bearThe Alaskan Sling Paradox

Eleven-year-old Elliot Clark probably just expected to catch some fish that day, not become a hero. But on their way to a fishing hole this past June, he saved himself and his family from the surprise blitz of an Alaskan brown bear. 

When the bear unexpectedly attacked, his uncle was unable to respond to the charging bruin because his rifle was slung on his back. Fortuitously, Elliot’s father had not had time to put a sling on the youth’s shotgun. This forced him to carry the gun. 

While his family dodged out of the way as the bear stampeded past them, Elliot stood his ground, took aim, and began firing — ultimately hitting the bear with every shot and saving the party.

Read more here from the Juneau Empire: Armed 11-year-old boy saves fishing party from charging bear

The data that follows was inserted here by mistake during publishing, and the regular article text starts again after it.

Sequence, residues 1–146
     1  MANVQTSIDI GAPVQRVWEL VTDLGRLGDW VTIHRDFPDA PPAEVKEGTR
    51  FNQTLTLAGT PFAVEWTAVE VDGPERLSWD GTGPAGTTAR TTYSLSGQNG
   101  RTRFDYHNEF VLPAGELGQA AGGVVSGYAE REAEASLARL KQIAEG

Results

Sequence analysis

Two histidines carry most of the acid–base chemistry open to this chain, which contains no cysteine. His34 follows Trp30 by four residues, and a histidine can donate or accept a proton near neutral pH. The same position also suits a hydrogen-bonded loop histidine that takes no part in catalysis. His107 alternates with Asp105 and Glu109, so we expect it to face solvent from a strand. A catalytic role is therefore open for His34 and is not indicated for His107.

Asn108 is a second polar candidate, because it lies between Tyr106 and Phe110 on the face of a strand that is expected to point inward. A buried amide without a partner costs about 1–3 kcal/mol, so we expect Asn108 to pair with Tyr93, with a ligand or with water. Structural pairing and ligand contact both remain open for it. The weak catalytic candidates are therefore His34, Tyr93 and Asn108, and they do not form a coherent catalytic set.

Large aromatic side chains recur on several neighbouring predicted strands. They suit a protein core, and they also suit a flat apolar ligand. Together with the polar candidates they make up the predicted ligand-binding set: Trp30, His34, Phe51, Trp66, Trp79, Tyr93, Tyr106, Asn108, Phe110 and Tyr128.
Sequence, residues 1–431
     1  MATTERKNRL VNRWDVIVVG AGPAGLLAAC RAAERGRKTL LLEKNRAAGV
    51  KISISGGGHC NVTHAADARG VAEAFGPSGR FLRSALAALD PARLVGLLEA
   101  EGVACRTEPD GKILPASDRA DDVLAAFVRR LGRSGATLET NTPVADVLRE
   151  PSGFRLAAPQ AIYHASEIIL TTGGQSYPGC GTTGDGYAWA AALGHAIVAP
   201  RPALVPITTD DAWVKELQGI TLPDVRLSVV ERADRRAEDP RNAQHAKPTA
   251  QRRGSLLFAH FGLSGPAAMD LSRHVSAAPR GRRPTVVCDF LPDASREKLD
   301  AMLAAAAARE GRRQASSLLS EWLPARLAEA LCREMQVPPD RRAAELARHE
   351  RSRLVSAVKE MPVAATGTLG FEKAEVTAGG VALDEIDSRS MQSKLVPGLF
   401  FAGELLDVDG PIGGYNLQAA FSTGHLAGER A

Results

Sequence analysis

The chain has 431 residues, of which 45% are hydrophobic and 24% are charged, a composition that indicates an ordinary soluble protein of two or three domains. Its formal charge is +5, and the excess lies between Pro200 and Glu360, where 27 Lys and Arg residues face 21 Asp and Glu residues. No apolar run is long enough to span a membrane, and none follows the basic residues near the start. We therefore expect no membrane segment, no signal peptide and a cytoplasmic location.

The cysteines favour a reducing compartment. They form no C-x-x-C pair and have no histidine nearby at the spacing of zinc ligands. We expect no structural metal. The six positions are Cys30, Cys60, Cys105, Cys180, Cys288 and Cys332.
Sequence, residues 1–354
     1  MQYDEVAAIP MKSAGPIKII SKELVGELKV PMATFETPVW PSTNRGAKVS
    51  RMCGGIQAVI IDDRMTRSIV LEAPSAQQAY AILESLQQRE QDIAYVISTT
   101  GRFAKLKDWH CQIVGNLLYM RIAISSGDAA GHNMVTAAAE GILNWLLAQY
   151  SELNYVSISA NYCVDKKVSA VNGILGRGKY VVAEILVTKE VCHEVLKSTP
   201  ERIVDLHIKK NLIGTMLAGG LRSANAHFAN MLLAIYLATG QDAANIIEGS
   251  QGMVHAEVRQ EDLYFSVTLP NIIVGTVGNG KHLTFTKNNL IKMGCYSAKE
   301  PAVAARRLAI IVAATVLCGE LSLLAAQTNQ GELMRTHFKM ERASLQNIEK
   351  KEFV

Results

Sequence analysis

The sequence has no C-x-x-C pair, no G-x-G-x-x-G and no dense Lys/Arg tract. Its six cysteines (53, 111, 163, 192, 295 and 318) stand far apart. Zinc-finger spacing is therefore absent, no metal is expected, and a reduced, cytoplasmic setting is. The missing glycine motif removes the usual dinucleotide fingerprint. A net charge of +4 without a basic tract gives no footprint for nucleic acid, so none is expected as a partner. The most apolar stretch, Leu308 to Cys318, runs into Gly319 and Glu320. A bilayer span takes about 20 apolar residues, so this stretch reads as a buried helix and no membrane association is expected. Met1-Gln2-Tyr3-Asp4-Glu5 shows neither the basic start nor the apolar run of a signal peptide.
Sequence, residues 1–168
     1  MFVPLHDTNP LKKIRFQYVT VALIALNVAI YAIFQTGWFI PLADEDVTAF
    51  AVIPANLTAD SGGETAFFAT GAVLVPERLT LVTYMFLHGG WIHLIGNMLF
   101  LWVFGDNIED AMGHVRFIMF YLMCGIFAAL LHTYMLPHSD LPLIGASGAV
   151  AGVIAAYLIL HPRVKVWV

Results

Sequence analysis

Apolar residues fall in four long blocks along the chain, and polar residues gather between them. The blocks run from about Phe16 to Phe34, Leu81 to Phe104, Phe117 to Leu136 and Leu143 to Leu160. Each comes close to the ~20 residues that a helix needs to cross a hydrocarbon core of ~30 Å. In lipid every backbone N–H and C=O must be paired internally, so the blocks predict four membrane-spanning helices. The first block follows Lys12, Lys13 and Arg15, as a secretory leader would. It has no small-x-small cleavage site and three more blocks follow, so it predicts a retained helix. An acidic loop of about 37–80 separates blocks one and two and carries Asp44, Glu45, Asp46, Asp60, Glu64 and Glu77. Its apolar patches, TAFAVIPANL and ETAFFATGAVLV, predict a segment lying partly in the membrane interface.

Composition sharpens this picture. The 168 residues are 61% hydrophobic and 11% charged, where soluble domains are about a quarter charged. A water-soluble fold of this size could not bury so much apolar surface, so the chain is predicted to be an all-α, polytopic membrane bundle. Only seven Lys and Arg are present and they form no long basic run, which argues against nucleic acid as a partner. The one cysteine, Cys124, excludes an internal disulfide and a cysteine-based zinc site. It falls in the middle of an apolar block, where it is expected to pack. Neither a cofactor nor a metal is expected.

To Sling or Not to Sling?

So does this story show that slings are bad and carrying long guns without slings is a good alternative? Absolutely not! It shows the need in the hunting environment for our Giles Sling and the all-purpose Wilderness Double-Point Sling. Our company founder uses a Giles Sling on his customized Steyr Scout and a Double-Point on a Marlin 336 because they allow front-carry for split-second use, can still be used for conventional shoulder-carry when necessary, offer hands-free weapon support for performing tasks, let you maintain control of the weapon at all times, and keep the muzzle oriented safely.

These great attributes of our slings add up to a safer and more successful hunt. 

— The Wilderness

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